poverty, poor environmental health and mental distress, a high death rate for infants and small children, and appallingly high rates of suicide, violence and substance abuse.
As will become clear, patterns of ill-health lock into the struggles around land rights. At a concrete level, however, almost all IndigenousAustralians, including those who live beyond the immediate scope of land rights, are affected by high levels of disease. Questions of Aboriginal health often have a curious status. The linkage between Aboriginal ill-health and what could
This book argues for greater openness in the ways we approach human rights and international rights promotion, and in so doing brings some new understanding to old debates. Starting with the realities of abuse rather than the liberal architecture of rights, it casts human rights as a language for probing the political dimensions of suffering. Seen in this context, the predominant Western models of right generate a substantial but also problematic and not always emancipatory array of practices. These models are far from answering the questions about the nature of political community that are raised by the systemic infliction of suffering. Rather than a simple message from ‘us’ to ‘them’, then, rights promotion is a long and difficult conversation about the relationship between political organisations and suffering. Three case studies are explored: the Tiananmen Square massacre, East Timor's violent modern history and the circumstances of indigenous Australians. The purpose of these discussions is not to elaborate on a new theory of rights, but to work towards rights practices that are more responsive to the spectrum of injury that we inflict and endure.
East Timor in the creation and perpetuation of a pattern of severe and embedded abuse. That failure to pay attention to concrete circumstances marked the ‘realism’ of the prevailing international attitudes on East Timor; to what extent might it also characterise the current liberal approaches?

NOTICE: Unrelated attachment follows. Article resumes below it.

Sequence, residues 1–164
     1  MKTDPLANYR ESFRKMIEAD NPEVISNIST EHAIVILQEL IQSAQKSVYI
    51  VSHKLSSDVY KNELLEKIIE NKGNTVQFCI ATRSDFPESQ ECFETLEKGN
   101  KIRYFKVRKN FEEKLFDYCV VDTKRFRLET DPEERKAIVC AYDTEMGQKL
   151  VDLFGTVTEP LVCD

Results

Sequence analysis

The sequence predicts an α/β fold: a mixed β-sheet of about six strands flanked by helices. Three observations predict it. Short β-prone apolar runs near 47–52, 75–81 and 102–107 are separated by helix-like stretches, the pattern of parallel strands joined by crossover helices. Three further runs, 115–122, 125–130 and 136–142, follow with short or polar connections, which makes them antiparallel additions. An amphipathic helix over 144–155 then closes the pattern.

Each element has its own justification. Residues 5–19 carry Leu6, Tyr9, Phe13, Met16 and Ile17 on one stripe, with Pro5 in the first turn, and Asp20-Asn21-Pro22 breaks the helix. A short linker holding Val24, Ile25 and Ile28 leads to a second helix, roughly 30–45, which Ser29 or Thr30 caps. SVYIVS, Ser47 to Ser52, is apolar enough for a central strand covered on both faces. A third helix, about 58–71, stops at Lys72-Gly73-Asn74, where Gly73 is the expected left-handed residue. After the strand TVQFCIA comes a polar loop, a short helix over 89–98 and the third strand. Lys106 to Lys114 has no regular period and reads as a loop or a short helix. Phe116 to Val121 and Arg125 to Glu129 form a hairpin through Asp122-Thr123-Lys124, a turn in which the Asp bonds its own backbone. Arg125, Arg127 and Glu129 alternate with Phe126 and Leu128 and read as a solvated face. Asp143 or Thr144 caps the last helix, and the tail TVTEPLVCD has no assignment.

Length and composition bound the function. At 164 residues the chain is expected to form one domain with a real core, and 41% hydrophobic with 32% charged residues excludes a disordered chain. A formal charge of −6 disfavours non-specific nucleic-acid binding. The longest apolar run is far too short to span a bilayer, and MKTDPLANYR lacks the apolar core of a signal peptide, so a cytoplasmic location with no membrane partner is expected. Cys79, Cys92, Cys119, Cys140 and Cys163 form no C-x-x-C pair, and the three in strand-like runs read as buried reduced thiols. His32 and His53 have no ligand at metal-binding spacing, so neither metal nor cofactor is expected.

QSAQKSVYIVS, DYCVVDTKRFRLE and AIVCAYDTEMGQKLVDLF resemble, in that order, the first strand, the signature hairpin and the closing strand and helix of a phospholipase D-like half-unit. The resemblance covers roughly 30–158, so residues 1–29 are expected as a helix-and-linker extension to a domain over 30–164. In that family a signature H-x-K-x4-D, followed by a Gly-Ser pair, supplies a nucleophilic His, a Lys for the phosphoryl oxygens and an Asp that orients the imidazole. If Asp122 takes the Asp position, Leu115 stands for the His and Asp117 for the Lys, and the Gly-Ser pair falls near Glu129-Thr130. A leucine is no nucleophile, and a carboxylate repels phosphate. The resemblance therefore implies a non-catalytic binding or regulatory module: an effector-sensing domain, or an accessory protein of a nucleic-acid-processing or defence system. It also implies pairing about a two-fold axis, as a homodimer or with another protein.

The third case study, which looks at the ‘place’ of IndigenousAustralians within Australian political life, returns to a liberal rights focus – in this case not involving the language of international rights talk but rather concerning the ideals
taken as already settled, and sometimes quite reasonably so. Frequently, however, as the later discussion of the health of IndigenousAustralians indicates, such analyses assume or demand a crucial zone of uniformity, whether within the state or more broadly – a realm of public discourse that is declared to be neutral and open to all citizens and others, but one that is repeatedly exclusionary. Moreover, it is easy to overlook or forget these practices of exclusion, simply because within states they have proved relatively effective, so that, for example
administrative traditions can be relevant here. Nevertheless legal (and policing) solutions can prove disastrously insufficient. It seems hardly surprising, for example, that female infanticide in western China is hardly touched by legal prohibition. Nor has formal citizenship, bolstered by anti-discrimination legislation, proved a sufficient response to the marginalisation and ‘outcasting’ of IndigenousAustralians. Moreover, as the discussion of Aboriginal health underlines, nor do welfare remedies necessarily make up what is lacking from formal, politico-legal solutions
encounters where anything of significance is at stake or change is possible. Socratic dialogue is not a form of communication for some cultures (such as IndigenousAustralian cultures). And what of feeling? Since what is being discussed is ideal exchange, those exchanges for which the need for dialogue may be most intense hardly have a place – for example, a meeting between disputing factions, or over questions embedded in hatred, grief, trauma, fear, or fragile or rigid identity, or with people who place other values above a training in argument.
evolution of human history and that the onward movement of modernisation is ultimately an innocent, transparent and emancipatory process. But as this chapter and the discussion of IndigenousAustralians’ health suggest, not simply the application but actually the constructions of human rights themselves in developed states can be ambivalent, myopic and exploitative. In the international arena, the persistence, for example, of widespread starvation as a feature of our political and economic lives – a phenomenon that is sometimes ruled out of consideration under the